May 29, 2007 | BITE: My Journal
Out of the Mouths of Crocodiles
I scream. You scream. We all scream. Photo: Steven Richter
What a relief is right. Well, three weeks late is not bad for a brand new website, internet jockeys tell me. Here’s what I’m hearing.
Geoffrey Zakarian is sprucing up his act at Town, I hear, since NYTimes critic Frank Bruni was spotted there, presumably looking for fissures in the restaurant’s three stars. Zakarian, who has never been known as a dedicated fixture in his kitchens, is fluffing up the food, insiders say. A polished maitre d’ and a sommelier who worked at Alain Ducasse are new in the house.
Like uncontrollable gluttons circling a juicy lamb shank, chef icons, restauranteur wannabes, groupies and double agents have been hanging out on the sidewalk at Brasserie LCB, the once and only La Cote Basque, looking for Jean Jacques Rachou. Any number of players in various stages of restaurant fantasy and development are hungering for Rachou’s lease with its remarkably sane rent.
Deeply depressed, seemingly inconsolable, the 70-year-old chef locked the front door this past March 8th, the day the Health Department shut him down during the lunch service for what it said was a history of violations. Only a token few friends claim to have reached Rachou and they are protective. “He lost his cell phone,” says Rita Jammet, last proprietor of La Caravelle. “He won’t talk to anyone,” inisists another confidante.
Charles Palmer is one of the constellation of chef stars who prepped in Rachou’s kitchen at the original La Cote Basque before it was forced to evacuate East 55th Street to make way for Disney. He came in from his fiefdom in Healdsberg, California, and stopped by to give Rachou a pep talk. Palmer tried the back door and found a steward cleaning up, but no sign of Jean Jacques.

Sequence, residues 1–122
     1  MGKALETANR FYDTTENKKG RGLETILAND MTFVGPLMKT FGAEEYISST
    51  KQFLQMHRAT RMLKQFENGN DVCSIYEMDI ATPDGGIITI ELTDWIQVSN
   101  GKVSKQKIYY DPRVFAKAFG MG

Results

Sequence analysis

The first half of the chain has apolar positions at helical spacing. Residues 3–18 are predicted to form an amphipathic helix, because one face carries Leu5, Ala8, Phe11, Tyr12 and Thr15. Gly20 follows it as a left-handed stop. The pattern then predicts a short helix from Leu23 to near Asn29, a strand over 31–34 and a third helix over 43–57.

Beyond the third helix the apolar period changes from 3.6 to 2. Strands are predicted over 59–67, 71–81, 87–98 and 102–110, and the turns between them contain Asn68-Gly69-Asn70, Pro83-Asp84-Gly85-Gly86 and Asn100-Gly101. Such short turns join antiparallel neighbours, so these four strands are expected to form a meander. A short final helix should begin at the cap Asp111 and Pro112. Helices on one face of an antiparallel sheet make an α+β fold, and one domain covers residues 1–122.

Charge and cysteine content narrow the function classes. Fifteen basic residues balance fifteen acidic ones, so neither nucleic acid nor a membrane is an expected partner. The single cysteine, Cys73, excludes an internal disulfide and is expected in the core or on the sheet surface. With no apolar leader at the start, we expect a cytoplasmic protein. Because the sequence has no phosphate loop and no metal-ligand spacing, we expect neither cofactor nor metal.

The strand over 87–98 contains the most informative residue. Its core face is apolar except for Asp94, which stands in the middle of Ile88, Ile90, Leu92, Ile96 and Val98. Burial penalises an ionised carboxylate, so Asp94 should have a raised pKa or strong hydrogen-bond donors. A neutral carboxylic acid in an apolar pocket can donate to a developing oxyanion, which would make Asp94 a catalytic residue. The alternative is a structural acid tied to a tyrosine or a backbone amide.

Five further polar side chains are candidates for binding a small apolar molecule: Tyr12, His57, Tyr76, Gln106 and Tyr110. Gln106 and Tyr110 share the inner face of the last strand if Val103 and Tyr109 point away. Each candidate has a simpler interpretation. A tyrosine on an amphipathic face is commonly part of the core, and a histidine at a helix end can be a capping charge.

Tyson Wong Ophaso, who walked away from his executive chef spot at Chinatown Brasserie some weeks ago was seen pacing the pavement. Ophaso, who ran the Cote Basque kitchen after stints in France, left town for Bangkok, telling my New York confreres at Grub Street, “I haven’t seen my family in fifteen years. And they’re getting old, man. I’m the only son.” Ophaso is back, apparently ready to work again.
But it may be too late to inherit the generous space at 60 West 55. The word is that Alain Ducasse has already made the deal. He has denied it, but the men who worked for him at his namesake spot in the Essex House insist it is a fate accompli. An admiring but cynical long-time Ducasse watcher suggested to me that a double header would suit the Robot chef’s ego. “Wouldn’t it be just like him to open Adour at the St. Regis and a Manhattan outpost of Benoit the same week?”
Ducasse has a way with restoring old bistros and brasseries. His Aux Lyonnais in Paris is stunning and I’ve eaten very well there. So if the rumor is true, I’ll hope his Manhattan Benoit is as beautiful as Tokyo’s. But the kitchen had better be more gifted.